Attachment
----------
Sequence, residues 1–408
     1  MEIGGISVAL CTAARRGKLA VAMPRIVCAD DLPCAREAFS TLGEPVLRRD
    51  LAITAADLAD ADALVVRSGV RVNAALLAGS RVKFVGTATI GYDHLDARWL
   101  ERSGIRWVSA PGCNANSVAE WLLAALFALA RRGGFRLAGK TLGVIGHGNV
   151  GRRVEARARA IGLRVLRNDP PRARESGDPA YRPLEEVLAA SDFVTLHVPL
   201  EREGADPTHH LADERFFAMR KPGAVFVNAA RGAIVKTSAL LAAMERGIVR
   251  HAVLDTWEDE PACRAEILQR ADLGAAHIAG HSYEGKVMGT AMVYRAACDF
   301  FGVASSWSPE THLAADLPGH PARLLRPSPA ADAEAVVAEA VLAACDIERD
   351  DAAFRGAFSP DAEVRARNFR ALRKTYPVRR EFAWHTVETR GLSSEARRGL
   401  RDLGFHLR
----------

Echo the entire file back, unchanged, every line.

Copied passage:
Sequence, residues 1–408
     1  MEIGGISVAL CTAARRGKLA VAMPRIVCAD DLPCAREAFS TLGEPVLRRD
    51  LAITAADLAD ADALVVRSGV RVNAALLAGS RVKFVGTATI GYDHLDARWL
   101  ERSGIRWVSA PGCNANSVAE WLLAALFALA RRGGFRLAGK TLGVIGHGNV
   151  GRRVEARARA IGLRVLRNDP PRARESGDPA YRPLEEVLAA SDFVTLHVPL
   201  EREGADPTHH LADERFFAMR KPGAVFVNAA RGAIVKTSAL LAAMERGIVR
   251  HAVLDTWEDE PACRAEILQR ADLGAAHIAG HSYEGKVMGT AMVYRAACDF
   301  FGVASSWSPE THLAADLPGH PARLLRPSPA ADAEAVVAEA VLAACDIERD
   351  DAAFRGAFSP DAEVRARNFR ALRKTYPVRR EFAWHTVETR GLSSEARRGL
   401  RDLGFHLR